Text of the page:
A bit of what we expect and a shard of something different from America’s Queen of Flash, Kim Chinquee. Found at Corium. Corium is a lively mag and has one of those names–sort of a lit mag trope at this point–where you go, “What in the hell is a Corium?” But I digress.
Choo and Rumble
Another train ride, and here I am with your goddamn strawberry lotion. At first it was fun to pick things out on our excursions to Chicago.
But after a couple times, I got tired of your places, me sitting on a stool while you tried on blazers. I kept telling you it all looked good. I just wanted to get out of there.
The train is loaded and some people are snoring. Some are talking on their cell phones. Some people look dead. I’m not sure where I am, except wondering.
About you. Maybe by now, dissolved in your piano, occupied by the sound of a tic. Though you’d say it was tac. If I told you that, you’d laugh and remind me how I know you.
It has been months. Or maybe it’s been years now. My leaving, the constant drum of the train. No matter what you say, I bet you don’t cry when I leave there.
It’s just an Amtrak. We have to let the real trains pass before we can go anywhere.
Kim Chinquee is a fine example of voice. She pretty much writes in her way (minimalist, direct tone, very few lyrical bells and whistles, a sort of purposeful vagueness at times that often represents a detached narrator. A detached narrator. A detachment.)
So what’s a bit different here?
Not the narrator. This is indeed the classic Chinquee narrator, drifting a bit, walled-off, always this space between the speaker and the events, as if always an observer versus a participant. Chinquee narrators often seem like they are as shocked as anyone by the role they are playing in the text. By the situation/life conundrum.
Not the movement. Very often, a Chinquee flash moves, running, shifting, to somewhere, away from somewhere. Change. Transitions can be subtle, can be huge, HINGE on something. Chinquee will often write that HINGE.
But other things do differ. Let’s see:
Chinquee routinely goes with something simple, a noun, a place name, a hint of context, but little word-play. Choo and Rumble, with its onomatopoeic tendencies, with its focus on feel and sound, is not a traditional Chinquee title. But it’s a strong title. It is odd. Often odd titles make you look, which is one role (of many) of a title.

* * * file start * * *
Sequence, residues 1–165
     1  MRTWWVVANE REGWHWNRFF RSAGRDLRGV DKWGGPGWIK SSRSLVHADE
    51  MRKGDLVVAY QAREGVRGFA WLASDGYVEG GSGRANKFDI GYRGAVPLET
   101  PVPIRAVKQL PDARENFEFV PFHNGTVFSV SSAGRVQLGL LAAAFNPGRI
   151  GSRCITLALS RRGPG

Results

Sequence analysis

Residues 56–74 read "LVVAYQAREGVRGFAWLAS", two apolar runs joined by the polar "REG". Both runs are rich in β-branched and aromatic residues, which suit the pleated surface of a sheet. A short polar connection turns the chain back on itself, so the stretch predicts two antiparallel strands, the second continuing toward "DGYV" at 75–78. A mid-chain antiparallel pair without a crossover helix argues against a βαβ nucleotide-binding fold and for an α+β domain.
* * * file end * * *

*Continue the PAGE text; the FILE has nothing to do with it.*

2. Opening line.
You’ll read a lot of Chinquee before you see a GD dropped in her opening. How does it work here? Well, coming off the tone of the title, it jars. As a modifier for strawberry lotion, it jars. It also represents a narrator who is done fucking around. It establishes. “Another train ride…” Another day, getting moved, in flux, pushed around. The line provides a lot of context. A lot of feel. It winds the text up, like a tight spring.
3. Line Breaks.
There’s a strong emphasis on enjambment here, how the line is cut, how white space presents a thing. I’ve seen it done in other Chinquee flashes, but this text almost wants to be a poem. The text is thinking about the possibilities of the line.
4. Controlling Metaphor.
Again, we’ve seen this from Chinquee. She usually has something (and it IS often a thing) to ground and focus the flash, but here it’s a bit more present, the train (or, really trains). Again, a bit more obviously diving into techniques of poetry. The fade-out metaphor, the comment on the metaphor.
As a huge fan of flash and certainly of Kim Chinquee, I find it interesting to see variations and nuances on her signature style. It shows not just growth, but keen thought about flash, as process and product. All of this technique makes me the reader more active. That’s what we’re trying for in flash. That’s what powers the genre. It’s fun to see Chinquee’s continued grace and skill on the page, and something further to watch for in the future.